November 2019 Blog: Pharmacy Quality Scheme – Foot and Eye Checks Audit

Pharmacy Quality Scheme – Foot and Eye Checks Audit

DIABETES FACTS; The NHS now spends around £10 billion a year – 10% of its entire budget on treating diabetes, there are currently four million people in England with the condition, someone is diagnosed every two minutes, and the numbers have doubled in the last 20 years.

Health checks for people living with diabetes are vital and we are all aware of the consequences of ignoring those early signs of problems. Diabetes UK encourages patients to have regular check-ups to prevent serious complications with feet, eyes, heart and kidneys but only 57% of Type 1 and 41% of Type 2 patients get even eight of the 15 basic health checks every year1 outlined below on an annual basis.

Full list of checks and support services:

  1. Blood glucose test (HbA1c test)
  2. Blood pressure check
  3. Cholesterol check (for blood fats)
  4. Eye screening
  5. Foot and leg check
  6. Kidney tests
  7. Advice on diet
  8. Emotional and psychological support
  9. Diabetes education course
  10. Care from diabetes specialists
  11. Free flu jab
  12. Good care if you’re in hospital
  13. Support with any sexual problems
  14. Help to stop smoking
  15. Specialist care if you’re planning to have a baby.

In a bid to address this issue a few changes have been made to the Pharmacy Quality Scheme (PQS), which replaced the Quality Payments Scheme (QPS). In particular, a Diabetic Foot and Eye Audit is now included in the “Prevention Composite Bundle”:

 We must now: “Check all patients aged 12 years and over with diabetes who present with a prescription from 1st October 2019 to 31st Jan 2020 have had an annual foot and eye check (retinopathy). Make a record on the PMR or appropriate form/patient record and signpost/refer as appropriate. The total number of patients who have had this intervention, the number that have not had one or either check in the last 12 months and where they have been appropriately signposted/referred should be recorded and reported as part of this criterion.”

Having foot and eye checks is clearly important and by participating in the audit you will raise the importance of the checks with your diabetic patients. Those who have not had their checks should be encouraged to get them and appropriate signposting will be an important element of the audit.

Foot complications are particularly common, because of either diabetic neuropathy (nerve damage or degeneration) or peripheral arterial disease (poor blood supply in the legs). In 2014-15 the cost of healthcare for diabetics related to foot ulceration and amputations was estimated at £1 billion in England, with two thirds of this spent on treating foot ulcers in primary, community and outpatient settings. In addition, there are 8,500 leg, toe or foot amputations every year (i.e. >160 per week). Yet it is thought around 1 in 4 Type 1 diabetics and 1 in 6 Type 2 diabetics miss their foot checks2.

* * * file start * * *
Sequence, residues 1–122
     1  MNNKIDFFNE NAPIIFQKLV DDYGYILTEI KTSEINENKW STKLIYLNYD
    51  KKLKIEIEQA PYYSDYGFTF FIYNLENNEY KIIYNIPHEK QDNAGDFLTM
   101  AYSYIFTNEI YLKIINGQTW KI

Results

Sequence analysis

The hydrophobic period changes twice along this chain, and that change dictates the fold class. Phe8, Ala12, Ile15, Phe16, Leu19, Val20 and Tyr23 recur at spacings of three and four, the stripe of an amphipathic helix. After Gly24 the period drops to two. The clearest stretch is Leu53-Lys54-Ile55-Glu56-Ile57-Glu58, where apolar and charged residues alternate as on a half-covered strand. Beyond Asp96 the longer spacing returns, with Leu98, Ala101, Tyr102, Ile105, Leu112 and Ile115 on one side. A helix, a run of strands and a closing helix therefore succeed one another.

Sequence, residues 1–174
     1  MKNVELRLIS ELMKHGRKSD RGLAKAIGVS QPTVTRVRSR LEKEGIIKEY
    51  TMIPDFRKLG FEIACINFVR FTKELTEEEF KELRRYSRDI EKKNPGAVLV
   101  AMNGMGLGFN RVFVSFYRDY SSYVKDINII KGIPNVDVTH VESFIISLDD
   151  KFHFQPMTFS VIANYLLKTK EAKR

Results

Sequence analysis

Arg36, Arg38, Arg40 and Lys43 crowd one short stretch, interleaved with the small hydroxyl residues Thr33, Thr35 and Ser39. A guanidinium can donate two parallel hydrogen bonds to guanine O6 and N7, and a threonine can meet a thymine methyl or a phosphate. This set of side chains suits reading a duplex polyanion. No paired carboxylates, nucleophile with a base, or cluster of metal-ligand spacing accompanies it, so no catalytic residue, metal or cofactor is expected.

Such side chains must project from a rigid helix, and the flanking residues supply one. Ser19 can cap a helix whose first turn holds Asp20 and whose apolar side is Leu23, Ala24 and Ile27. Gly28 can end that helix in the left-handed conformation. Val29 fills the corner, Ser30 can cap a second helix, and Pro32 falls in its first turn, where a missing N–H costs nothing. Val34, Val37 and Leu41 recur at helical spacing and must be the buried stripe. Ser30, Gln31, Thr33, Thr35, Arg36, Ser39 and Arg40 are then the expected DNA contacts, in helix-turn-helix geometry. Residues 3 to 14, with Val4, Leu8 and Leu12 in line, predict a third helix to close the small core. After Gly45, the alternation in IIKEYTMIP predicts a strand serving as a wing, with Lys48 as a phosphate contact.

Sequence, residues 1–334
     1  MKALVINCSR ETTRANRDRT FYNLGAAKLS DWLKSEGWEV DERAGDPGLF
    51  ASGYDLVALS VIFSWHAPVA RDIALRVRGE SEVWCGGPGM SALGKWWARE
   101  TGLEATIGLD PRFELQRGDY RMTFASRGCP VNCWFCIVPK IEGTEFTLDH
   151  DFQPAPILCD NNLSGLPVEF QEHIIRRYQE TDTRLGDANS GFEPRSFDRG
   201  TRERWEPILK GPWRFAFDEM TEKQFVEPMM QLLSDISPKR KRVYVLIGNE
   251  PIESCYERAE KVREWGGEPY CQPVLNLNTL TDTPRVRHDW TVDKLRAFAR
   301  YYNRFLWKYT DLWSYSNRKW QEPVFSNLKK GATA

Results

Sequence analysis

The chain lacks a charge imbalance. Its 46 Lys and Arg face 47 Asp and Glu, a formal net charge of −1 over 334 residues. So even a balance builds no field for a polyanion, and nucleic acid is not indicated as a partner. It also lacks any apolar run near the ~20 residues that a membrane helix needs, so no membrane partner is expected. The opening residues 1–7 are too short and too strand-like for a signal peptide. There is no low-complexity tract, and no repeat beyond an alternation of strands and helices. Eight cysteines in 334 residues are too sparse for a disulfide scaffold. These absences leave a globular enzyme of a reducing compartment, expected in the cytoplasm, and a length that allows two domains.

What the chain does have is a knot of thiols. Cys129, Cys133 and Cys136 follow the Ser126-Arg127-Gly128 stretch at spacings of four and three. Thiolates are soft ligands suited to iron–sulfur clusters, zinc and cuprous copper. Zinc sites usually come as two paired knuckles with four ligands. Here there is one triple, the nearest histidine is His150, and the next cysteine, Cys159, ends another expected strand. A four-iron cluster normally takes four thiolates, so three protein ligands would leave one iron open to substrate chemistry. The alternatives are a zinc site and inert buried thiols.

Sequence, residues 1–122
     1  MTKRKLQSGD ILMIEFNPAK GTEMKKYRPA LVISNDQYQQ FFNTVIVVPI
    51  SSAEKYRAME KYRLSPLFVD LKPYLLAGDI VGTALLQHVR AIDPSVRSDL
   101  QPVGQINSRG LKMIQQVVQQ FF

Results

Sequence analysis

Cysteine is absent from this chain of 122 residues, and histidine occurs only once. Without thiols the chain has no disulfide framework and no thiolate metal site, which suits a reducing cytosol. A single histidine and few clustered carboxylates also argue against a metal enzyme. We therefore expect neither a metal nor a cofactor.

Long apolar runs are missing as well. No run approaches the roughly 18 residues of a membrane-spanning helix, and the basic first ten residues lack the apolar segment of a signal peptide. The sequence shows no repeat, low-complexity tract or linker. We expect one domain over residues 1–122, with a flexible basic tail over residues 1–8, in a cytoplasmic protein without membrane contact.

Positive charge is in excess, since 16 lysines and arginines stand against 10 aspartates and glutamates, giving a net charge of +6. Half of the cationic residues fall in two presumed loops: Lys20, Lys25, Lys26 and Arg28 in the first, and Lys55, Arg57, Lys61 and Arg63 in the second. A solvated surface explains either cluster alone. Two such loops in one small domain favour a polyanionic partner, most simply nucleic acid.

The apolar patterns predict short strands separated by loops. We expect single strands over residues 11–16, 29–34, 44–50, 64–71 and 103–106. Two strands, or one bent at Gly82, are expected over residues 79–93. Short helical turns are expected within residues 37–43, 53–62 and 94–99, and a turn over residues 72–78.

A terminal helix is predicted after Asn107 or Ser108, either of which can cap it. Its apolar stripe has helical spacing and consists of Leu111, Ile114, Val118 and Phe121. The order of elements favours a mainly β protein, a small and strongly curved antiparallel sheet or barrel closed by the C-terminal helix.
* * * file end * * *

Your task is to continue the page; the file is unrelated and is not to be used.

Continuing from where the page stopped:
Diabetic retinopathy is the leading cause of preventable sight loss in the UK. It is a major problem and around 1,600 people every year are certified as visually impaired or with seriously impaired vision. If blood glucose levels are not well controlled high levels damage the back of the eye and the longer the condition is left undiagnosed or untreated the greater the damage (possibly even causing blindness). Other factors involved are blood pressure and cholesterol levels, which should also be checked as part of the diabetic annual review process. It should be noted that diabetes increases the likelihood of glaucoma by 1.5x and cataracts by 2x – both of these can lead to blindness if not spotted.

The audit requires that you check every diabetic patient who presents a prescription from 1st October 2019 to 31st January 2020. Fortunately, each patient needs to be spoken to only once, but this will require you to have systems in place to facilitate this and record the interventions that have been made. I estimate that the average pharmacy will have about 350 diabetic patients (28 Type 1, 315 Type 2 and 7 other).

For more background information have a look at the VirtualOutcomes’ Diabetes Foot and Eye Audit – PQS webcourse. It only takes 10 minutes and gives a good insight into why it’s important that diabetic patients get checked annually. It also helps you understand what information you need to collect and provides some examples of forms that might be helpful when collating the required information.

Finally, to help you get ready for the audit, check out “PSNC Briefing 043/19: Pharmacy Quality Scheme – Foot and eye screening (retinopathy) checks for patients with diabetes”. It’s a comprehensive guide and includes helpful resources such as small flyers for prescription bags, GP practice briefing points, a template letter for GP practices, a data collection form and a suggested process map for conducting the audit.

N.B. The Foot and Eye Check Audit is one of five elements you will need to complete in order to claim the 25 points associated with the Prevention domain bundle (worth between £1,600 and £3,200).

1 Diabetes UK Tackling the crisis: Transforming diabetes care for a better future”

2 NHS Digital (2018) National Diabetes Audit, 2017-18 Short Report: Report 1: Care Processes and Treatment Targets